(Bloomberg) -- The US government condemned a Venezuelan court ruling that blocked the leading opposition candidate from running for the presidency in elections this year, adding that it’s reviewing its sanctions policy on the Latin American nation.
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The decision to disqualify Maria Corina Machado “is inconsistent with the commitment by Nicolas Maduro’s representatives to hold a competitive Venezuelan presidential election in 2024,” Statement Department spokesman Matthew Miller said in a statement.
Venezuela Court Blocks Opposition Leader’s Presidential Run
The Jan. 26 ruling puts the Biden administration in the awkward position of deciding whether to reinstate sanctions on exports of oil, gas and gold it had suspended to support free and fair elections. It follows the arrest of three Machado aides for their alleged involvement in what the government said was a plot to kill Maduro.
The State Department said Friday’s court process “lacked basic elements, as Machado neither received a copy of the allegations against her nor was afforded the opportunity to respond to those allegations.” As a result of recent events, “the United States is currently reviewing our Venezuela sanctions policy.”
Gerardo Blyde, the chief negotiator for the opposition, also blasted the court ruling, saying it violated the so-called Barbados deal between the US and Venezuela, and accused the government of trying to “spread terror.” He denied any opposition involvement in the alleged plot to assassinate Maduro.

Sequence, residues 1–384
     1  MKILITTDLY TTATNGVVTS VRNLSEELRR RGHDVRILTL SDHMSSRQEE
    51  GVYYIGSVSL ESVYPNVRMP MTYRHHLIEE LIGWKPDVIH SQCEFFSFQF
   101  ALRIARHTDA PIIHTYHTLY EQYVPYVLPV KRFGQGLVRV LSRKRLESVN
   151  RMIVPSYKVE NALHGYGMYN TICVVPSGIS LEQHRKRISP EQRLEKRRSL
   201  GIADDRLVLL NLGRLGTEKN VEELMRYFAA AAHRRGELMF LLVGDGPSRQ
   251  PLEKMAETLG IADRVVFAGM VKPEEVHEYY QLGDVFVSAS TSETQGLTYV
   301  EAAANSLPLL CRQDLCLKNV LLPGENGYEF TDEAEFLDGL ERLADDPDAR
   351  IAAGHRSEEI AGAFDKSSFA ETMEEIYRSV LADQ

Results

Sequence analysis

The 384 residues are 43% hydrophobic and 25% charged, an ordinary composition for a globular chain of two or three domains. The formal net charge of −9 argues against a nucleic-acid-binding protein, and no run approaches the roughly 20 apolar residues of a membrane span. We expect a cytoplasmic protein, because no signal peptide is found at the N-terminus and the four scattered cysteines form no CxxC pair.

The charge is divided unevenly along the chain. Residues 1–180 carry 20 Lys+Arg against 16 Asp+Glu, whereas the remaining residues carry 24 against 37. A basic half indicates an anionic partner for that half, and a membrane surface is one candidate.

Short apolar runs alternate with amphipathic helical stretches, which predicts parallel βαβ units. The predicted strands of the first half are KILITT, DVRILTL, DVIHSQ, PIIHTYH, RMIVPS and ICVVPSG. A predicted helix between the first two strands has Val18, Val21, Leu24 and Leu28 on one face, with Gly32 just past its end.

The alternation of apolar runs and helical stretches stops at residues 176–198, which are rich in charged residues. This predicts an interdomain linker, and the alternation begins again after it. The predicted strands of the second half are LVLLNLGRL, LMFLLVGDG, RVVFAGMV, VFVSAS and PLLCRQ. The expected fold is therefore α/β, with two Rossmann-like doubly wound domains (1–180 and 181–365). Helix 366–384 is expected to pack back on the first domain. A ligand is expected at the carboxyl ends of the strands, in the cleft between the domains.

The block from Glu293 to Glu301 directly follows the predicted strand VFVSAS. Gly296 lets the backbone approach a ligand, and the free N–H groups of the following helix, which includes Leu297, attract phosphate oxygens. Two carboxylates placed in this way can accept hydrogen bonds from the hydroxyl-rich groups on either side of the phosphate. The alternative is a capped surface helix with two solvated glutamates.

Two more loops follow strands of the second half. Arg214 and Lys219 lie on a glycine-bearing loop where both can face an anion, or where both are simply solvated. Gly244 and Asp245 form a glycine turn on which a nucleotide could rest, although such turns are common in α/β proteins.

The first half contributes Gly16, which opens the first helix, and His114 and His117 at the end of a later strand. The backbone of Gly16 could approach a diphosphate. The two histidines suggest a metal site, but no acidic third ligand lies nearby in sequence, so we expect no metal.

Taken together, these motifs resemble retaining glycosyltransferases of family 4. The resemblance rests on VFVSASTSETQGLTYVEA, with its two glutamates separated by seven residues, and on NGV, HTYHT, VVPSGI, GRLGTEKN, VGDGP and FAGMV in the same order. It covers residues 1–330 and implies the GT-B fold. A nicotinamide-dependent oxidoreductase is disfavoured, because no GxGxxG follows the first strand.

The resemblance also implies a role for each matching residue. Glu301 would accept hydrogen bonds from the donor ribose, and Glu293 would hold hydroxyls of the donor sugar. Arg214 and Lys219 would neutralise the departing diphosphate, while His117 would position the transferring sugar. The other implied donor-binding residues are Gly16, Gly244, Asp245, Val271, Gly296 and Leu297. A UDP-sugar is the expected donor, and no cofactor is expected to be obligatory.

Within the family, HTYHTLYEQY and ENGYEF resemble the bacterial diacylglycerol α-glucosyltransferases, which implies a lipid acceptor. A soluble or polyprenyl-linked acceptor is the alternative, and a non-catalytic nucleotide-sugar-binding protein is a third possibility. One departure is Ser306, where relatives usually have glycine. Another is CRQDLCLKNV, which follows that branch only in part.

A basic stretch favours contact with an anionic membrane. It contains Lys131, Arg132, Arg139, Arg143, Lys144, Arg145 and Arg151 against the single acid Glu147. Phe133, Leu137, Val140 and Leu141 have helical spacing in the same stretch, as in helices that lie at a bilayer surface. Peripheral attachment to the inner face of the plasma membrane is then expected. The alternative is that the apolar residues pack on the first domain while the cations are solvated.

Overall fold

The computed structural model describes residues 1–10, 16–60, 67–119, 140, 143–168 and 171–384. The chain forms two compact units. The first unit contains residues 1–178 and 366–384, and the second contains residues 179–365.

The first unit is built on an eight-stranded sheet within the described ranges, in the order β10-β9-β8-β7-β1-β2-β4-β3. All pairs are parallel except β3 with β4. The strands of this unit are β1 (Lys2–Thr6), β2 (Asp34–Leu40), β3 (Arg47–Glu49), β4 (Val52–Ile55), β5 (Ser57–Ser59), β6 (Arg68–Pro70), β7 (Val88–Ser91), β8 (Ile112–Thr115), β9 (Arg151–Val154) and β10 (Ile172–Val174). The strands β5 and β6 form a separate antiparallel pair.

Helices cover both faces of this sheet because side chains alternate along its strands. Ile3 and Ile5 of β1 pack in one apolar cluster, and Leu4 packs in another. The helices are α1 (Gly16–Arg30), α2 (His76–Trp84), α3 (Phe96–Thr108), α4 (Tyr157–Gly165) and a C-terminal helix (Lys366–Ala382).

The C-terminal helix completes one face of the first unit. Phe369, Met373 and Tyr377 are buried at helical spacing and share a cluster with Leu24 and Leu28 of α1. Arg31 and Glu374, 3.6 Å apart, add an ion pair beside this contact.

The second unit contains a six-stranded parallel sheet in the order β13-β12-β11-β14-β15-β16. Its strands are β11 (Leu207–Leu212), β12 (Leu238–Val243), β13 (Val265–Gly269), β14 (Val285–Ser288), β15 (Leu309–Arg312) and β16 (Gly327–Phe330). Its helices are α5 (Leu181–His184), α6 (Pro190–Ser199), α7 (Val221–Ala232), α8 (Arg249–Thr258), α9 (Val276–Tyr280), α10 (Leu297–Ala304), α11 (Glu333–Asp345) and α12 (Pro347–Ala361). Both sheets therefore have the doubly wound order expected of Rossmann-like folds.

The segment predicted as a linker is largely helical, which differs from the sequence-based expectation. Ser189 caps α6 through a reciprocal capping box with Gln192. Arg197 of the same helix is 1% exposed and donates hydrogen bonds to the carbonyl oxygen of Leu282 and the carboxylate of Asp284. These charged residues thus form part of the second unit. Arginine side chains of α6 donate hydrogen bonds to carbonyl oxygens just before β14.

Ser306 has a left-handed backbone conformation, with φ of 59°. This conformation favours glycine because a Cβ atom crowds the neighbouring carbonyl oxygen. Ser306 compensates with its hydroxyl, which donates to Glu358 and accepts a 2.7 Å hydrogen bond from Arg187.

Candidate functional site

“We don’t support any violent act,” Blyde said in a press conference in Caracas. “Our only goal is to achieve free elections.”
Government spokesman Hector Rodriguez rejected the criticism, said the court decision will stand and that the Barbados accord never mentioned a specific candidate. Those who have violated the constitution would be banned from the election, he said, adding that talks would continue.
“We are still open to dialog,” Rodriguez said. “There will be elections under international observation and audits, all candidates complying to Venezuelan laws will be able to participate.”
The court said on Friday it was ratifying a 2021 decision by the Comptroller’s Office that barred Machado, who’s been leading opinion polls for the election, from running for public office for 15 years.
“Maduro and his criminal system decided to take the worst path for them: that of a fraudulent election,” Machado wrote in a statement posted on social media, promising to keep fighting for free elections. “Let there be no doubt, we’re going until the end.”
While Machado said the court’s decision effectively killed the Barbados deal, Maduro’s chief negotiator Jorge Rodriguez said the government has complied with the mechanism established in the agreement, and will carry out elections this year as promised.
Despite Venezuela’s moves, bond investors have mostly held onto their bets that the sanctions will remain suspended. Government notes due in 2027 were quoted late Friday at 21.4 cents, according to indicative pricing compiled by Bloomberg, 2 cents lower than their high earlier this month but still far above the 10-cent range where they traded before the Barbados agreement.
--With assistance from Patricia Laya and Nicolle Yapur.
(Updates with comments from government spokesman starting in the seventh paragraph)
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